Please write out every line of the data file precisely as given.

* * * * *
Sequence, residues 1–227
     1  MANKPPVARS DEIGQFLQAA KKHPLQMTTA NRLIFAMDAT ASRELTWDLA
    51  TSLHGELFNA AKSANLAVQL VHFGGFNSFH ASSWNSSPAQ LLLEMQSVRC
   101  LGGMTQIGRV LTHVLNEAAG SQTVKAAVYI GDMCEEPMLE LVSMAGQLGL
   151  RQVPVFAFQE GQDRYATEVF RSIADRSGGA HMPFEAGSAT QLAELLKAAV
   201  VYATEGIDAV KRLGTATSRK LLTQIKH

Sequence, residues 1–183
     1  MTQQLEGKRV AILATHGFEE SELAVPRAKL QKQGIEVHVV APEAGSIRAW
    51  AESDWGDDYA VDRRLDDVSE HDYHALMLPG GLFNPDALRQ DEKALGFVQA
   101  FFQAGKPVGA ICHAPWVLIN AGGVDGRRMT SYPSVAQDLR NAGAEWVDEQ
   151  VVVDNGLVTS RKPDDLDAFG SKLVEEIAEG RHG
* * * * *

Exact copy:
Sequence, residues 1–227
     1  MANKPPVARS DEIGQFLQAA KKHPLQMTTA NRLIFAMDAT ASRELTWDLA
    51  TSLHGELFNA AKSANLAVQL VHFGGFNSFH ASSWNSSPAQ LLLEMQSVRC
   101  LGGMTQIGRV LTHVLNEAAG SQTVKAAVYI GDMCEEPMLE LVSMAGQLGL
   151  RQVPVFAFQE GQDRYATEVF RSIADRSGGA HMPFEAGSAT QLAELLKAAV
   201  VYATEGIDAV KRLGTATSRK LLTQIKH

Sequence, residues 1–183
     1  MTQQLEGKRV AILATHGFEE SELAVPRAKL QKQGIEVHVV APEAGSIRAW
    51  AESDWGDDYA VDRRLDDVSE HDYHALMLPG GLFNPDALRQ DEKALGFVQA
   101  FFQAGKPVGA ICHAPWVLIN AGGVDGRRMT SYPSVAQDLR NAGAEWVDEQ
   151  VVVDNGLVTS RKPDDLDAFG SKLVEEIAEG RHG